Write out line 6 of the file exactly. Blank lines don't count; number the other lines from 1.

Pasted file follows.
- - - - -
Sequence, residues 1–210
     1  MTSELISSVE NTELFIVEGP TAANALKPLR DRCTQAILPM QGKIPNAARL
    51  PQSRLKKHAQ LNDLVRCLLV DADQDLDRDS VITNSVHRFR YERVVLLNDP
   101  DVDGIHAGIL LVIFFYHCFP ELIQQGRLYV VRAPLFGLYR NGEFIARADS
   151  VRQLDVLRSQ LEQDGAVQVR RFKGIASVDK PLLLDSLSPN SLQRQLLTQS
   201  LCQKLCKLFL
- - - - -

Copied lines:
   201  LCQKLCKLFL